Walton on the Hill (Liverpool)
Welcome to the Walton on the Hill History Group. Walton's name.....This is evidently of Saxon origin and assumed to be a corruption of "Welltown" i.e. from "Well" and "Ton". A name which would correspond to the large number of wells found - or known to be in existance - in and around an extensive area from the Old Church.
As nearly all ancient sites of religious edifices appear to have originally had a sacred well, stone or tree connected with them, it seems safe to assume the above conclusion more than probable.
In Saxon times Walton would consist of a small settlement of wooden houses surrounded by a wooden stockade. Built on a hill surrounded by forests and marshes and getting its fresh water from one of the many wells in the area.
St. Mary's Parish Church.....The first Church on the site was recorded in The Doomsday Book which was compiled under the direction of William the Conqueror, it does not mention Lancashire as a district, nor Liverpool. Walton itself was described as follows: "Winestan Tenebat Waleton" - translation Wynstan held Walton, "Ibe duce carucates terra et tres bovatae valebant octo solides" translation - there are two carucates of land and three bovates - they are worth 8s. The Church was probably built of wood and thatch then four hundred years later the first stone church was built and dedicated in 1326. In 1651 it was used to house Royalist prisoners taken at the battle of Worcester.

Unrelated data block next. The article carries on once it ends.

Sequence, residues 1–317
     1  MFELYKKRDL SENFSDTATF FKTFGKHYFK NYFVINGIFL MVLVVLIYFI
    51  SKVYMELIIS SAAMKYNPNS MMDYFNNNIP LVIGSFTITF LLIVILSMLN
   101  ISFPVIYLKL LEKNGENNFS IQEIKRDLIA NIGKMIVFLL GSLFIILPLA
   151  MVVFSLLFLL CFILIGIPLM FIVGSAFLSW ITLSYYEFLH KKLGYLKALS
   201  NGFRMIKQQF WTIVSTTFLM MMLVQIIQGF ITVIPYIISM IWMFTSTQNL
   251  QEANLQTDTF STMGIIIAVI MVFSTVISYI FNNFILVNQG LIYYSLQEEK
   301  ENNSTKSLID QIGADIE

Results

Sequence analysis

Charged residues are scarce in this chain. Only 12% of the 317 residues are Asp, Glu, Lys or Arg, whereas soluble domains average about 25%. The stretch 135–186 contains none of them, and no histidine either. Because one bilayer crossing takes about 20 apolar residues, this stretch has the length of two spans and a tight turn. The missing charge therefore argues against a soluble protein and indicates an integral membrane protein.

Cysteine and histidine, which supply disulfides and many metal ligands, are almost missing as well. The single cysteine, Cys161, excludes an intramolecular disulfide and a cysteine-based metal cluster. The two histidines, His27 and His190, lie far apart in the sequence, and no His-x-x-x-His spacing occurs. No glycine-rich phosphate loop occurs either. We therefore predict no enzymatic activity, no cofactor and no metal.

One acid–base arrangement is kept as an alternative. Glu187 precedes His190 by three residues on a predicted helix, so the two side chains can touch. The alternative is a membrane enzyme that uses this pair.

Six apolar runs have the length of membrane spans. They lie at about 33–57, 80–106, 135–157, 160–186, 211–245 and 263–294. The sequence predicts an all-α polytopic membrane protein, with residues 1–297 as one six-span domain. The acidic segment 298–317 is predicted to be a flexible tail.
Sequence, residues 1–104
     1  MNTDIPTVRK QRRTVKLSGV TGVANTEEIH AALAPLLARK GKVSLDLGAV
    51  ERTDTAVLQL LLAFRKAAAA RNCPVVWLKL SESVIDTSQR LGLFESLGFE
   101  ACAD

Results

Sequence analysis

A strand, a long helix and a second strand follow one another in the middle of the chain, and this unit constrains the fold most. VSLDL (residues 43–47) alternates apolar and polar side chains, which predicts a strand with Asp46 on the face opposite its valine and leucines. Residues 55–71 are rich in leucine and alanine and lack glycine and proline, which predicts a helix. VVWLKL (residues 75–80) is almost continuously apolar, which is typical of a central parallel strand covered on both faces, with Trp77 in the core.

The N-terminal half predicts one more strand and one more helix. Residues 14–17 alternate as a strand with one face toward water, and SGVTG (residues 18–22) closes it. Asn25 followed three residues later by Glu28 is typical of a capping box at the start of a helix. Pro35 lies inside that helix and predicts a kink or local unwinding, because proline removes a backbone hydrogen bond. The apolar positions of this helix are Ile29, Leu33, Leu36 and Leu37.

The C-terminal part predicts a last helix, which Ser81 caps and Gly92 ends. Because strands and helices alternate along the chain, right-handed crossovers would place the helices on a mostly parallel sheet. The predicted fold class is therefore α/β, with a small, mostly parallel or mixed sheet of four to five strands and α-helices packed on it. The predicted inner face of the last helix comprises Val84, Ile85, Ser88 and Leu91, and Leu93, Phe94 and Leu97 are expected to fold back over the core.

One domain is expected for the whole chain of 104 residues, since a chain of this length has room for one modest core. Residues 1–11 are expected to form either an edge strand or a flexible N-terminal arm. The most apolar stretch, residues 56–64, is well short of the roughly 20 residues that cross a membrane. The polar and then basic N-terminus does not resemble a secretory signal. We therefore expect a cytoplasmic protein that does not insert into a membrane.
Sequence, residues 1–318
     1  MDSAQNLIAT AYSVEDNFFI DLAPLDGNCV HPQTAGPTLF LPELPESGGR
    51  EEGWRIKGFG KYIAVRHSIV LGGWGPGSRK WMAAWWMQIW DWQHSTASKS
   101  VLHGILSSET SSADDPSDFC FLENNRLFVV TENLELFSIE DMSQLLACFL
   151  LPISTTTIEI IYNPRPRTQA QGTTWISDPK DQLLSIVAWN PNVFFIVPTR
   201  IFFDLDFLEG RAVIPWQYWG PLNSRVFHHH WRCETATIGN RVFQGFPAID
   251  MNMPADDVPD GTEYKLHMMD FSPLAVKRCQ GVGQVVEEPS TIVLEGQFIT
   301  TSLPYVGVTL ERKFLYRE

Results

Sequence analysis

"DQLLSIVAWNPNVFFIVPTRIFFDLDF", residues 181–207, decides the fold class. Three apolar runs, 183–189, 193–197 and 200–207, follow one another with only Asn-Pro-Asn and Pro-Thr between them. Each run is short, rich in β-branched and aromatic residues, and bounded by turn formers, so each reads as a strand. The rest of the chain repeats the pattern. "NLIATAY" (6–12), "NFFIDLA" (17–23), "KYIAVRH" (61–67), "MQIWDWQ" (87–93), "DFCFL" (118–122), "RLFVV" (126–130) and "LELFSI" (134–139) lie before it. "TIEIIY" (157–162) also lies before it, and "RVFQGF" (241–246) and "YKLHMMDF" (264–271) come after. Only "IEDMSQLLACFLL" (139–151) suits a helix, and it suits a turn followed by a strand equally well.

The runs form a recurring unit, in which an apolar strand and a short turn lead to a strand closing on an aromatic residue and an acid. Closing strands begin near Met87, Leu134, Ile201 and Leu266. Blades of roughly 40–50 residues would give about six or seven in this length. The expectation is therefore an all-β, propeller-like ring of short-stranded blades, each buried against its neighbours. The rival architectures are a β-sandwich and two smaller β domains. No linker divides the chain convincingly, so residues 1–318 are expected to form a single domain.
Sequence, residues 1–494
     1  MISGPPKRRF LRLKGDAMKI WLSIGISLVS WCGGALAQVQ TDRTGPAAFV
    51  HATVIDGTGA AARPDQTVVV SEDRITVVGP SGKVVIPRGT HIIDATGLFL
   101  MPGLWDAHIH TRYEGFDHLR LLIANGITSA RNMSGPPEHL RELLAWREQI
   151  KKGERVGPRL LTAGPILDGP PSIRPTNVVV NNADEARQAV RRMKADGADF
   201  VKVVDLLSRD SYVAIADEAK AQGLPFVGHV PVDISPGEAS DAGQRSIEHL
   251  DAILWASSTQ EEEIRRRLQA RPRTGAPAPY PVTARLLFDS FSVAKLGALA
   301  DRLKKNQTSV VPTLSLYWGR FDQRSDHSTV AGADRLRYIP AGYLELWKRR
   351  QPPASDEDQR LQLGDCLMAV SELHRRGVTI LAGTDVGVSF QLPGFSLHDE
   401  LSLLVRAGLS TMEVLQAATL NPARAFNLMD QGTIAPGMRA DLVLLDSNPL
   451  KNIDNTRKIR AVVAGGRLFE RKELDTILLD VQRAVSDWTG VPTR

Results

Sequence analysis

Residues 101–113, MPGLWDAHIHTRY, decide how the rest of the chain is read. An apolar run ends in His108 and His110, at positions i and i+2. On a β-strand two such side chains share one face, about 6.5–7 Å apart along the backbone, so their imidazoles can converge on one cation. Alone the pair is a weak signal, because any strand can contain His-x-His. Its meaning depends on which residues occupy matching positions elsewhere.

St. Mary's Parish Church Walton on the Hill
A Saxon Village